Kirsten Name Meaning & Origin
Origin of the name Kirsten:
Scandinavian cognate of Christine, derived from the Ecclesiastic Late Latin christiānus which is from the Ecclesiastic Greek christianos (a Christian, a follower of Christ).
From A World of Baby Names by Teresa Norman.
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- Comments and insights on the name Kirsten: | Edit
Constantly gets confused with Kristen. If you want to make it definate, consider the name Kiersten.
People often call my friend Kirsten Kirsty, annoys the life out of her. The best one yet was Kirstien
Can be pronounced KER-sten or KEER-sten, and every Kirsten I've met (including myself) is a stickler for their pronunciation.
- Personal experiences with the name Kirsten: | Edit
I'm also a Kirsten (KEER-sten) and ended up going by Kiki my whole life. It's a tough name for a shy kid to shoulder, and since the pronunciation is truly parental preference, even when people take a stab at saying it phonetically (not to mention those who just barrel through with Kristen or Kristine) they still run a high risk of getting it wrong. It's also consonant heavy. Without a vowel rich last name and assertive genetics, I'd advise against this one. Don't condemn your kid to a lifetime of grabbing her earlobe and saying, "KEER-sten, KEER, like ear."
My name is Kirsten Janelle. I figured out that the "irst" is the same as in "first" at one point and would use that to give people something to relate the pronunciation to. I had a teacher in elementary school tell me my parents misspelled my name and they should have used a "u" instead of an "i" if they wanted people to say my name right. I would say I get Kristen more often than anything but Kiersten is my least favorite pronunciation. I think it's a good name and I don't have a problem when people complain that it sounds too similar to other names. I just say this is my name and you learn everyone elses so learn mine too.
My name is Kirsten (pronounced KEER-sten), and I wouldn't change my name for anything. Some people say my name is snooty, but I don't believe them at all.
I've known more Kirstens then anything. They seemed "superior",so far I've yet to like the name.
I know one Kirsten. I don't really like the name. She's called Kirsty though, and that's a lot nicer I think.
My daughter, Kirsten Theodora, was born in 1999. It's a lovely, strong name and suits her nicely. Her sister calls her Kiki. I always got comments on how sweet her name was when she was a baby.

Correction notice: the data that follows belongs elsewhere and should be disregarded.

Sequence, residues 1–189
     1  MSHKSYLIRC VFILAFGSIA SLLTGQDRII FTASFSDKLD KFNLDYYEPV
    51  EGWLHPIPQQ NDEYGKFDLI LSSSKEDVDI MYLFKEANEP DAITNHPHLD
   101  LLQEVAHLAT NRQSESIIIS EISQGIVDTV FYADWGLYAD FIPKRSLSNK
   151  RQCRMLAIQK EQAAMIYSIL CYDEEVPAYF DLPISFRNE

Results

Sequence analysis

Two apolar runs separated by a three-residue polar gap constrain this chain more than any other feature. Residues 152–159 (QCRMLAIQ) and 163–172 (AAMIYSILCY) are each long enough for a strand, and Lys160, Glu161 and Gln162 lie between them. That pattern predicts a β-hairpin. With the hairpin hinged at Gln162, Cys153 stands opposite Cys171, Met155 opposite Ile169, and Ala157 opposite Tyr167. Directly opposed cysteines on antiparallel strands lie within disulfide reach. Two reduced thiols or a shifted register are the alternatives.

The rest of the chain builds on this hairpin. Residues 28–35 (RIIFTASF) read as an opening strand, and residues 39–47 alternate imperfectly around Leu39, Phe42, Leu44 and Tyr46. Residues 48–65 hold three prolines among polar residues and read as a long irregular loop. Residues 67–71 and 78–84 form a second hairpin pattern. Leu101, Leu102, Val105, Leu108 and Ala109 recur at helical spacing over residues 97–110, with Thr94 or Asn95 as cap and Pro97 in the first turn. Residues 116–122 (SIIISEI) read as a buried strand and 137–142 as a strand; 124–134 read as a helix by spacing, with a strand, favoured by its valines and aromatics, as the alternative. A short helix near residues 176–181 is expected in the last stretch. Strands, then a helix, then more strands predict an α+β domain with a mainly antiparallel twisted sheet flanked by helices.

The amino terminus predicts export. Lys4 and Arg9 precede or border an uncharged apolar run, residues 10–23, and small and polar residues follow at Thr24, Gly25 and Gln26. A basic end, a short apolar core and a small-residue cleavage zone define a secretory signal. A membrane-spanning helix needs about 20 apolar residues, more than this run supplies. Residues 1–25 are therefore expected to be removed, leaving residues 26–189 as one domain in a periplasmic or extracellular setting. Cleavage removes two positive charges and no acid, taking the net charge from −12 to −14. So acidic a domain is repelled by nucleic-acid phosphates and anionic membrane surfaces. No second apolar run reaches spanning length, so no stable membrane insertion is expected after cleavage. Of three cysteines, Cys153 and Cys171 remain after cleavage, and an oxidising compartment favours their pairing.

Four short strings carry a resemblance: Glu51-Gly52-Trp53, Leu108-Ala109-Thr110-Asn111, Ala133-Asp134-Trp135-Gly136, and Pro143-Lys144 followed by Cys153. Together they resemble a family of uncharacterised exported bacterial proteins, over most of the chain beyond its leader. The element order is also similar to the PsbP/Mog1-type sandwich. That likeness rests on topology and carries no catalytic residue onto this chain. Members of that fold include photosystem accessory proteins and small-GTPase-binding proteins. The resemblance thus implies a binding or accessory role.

My name is Kirstyn,and I wouldn't change my name. I happen to really love my name,and the spelling isn't used often. I get quite peeved when people mispronounce it. I tell people it's pronounced like (Cursed In) and that is how it is pronounced. People get really confused though because I am a triplet,and my sisters are Kaitlyn and Kristyn. People constantly call me Kristyn,or ask is of there is 2 of us named Kirstyn and the other Kaitlyn,or 2 named Kristyn and then Kaitlyn. NO! It's Kristyn,Kirstyn,Kaitlyn. We have to add our middle names to practically everything,but yet again,that doesn't help,because it's Kaitlyn Marie,Kristyn Ashleigh,and Kirstyn Leigh. Again,the middle names are similar like the first names. Sometimes during a new school year with new teachers,and if me and Kristyn have a class together,during attendance they think they put one name twice,which we explain that there is 2 girls not the same name,and that we're triplets. That is a real conversation starter. But other than that,I love being a triplet,and I love my name.
I seem to be a rare Kirsten, born in 1967, no one knew how to spell or pronounce my name. I was named for a friend of my parents who was Danish. I thought it was so unusual until I met some people from Norway and Minnesota where it has always been a very common name. I always thought it was a pagan name, completely unrelated to Christine and even Kristen, both common names amongst my childhood classmates. My first day at a Catholic high school in 1980, an old nun called roll and stopped dead on my name. She demanded to know what kind of Catholic name I had, what saint I had been named for. Being a Protestant, I was stumped, speechless. She then demanded to know what my middle name was. She tried to call me "Jane" for two weeks but gave up in disgust when I simply didn't respond. After all, my mother had always called me "Kirsten Jana/Yana", using the Danish pronunciation. I now find it ironic that Kirsten actually is just the Danish/Norwegian form of Christina, a saint's name! It wasn't until the American Doll books that Kirsten gained mainstream use. Suddenly little girls were asking me if I was named for the Kirsten doll! I am so glad it is fading from such common popularity as I value the uniqueness of my name. I never have had a nickname and have always been known as simply Kirsten, with my last name rarely needed. I am honored when a pregnant woman hears my name and ultimately names her daughter after me. Well not me personally, but just falls in love with my name.
My name is Kirsten, pronounced Ker-Sten. I think it is extremely different and I hate the way people think they can get away with calling me Keer-sten. I know another Kirsten in my English class. And she pronounces it Keer-Sten. I don't really like the name that much.
- Nicknames for Kirsten: | Edit
Kirsty, Kirstie, Kiki, Kirka, Kirky, Kirk, Kira, K-money
- Meanings and history of the name Kirsten: | Edit
Kirsten is the Danish and Norwegian form of the name Christina. In the 20th century, it began to be widely used in the U.S.
- Famous real-life people named Kirsten: | Edit
Kirsten Nelson, American actress on "Psych"
Kirsten Dunst, American actress
Kirsten Flagstad, Norwegian opera singer
Kirsten Gillibrand, U.S. senator from New York
Kirsten Vangsness, Actress
Kirsten George, Archer
- Kirsten in song, story & screen: | Edit
American Girl doll and book: Kirsten Larson
Kirsten Cohen, character on the TV series "The O.C."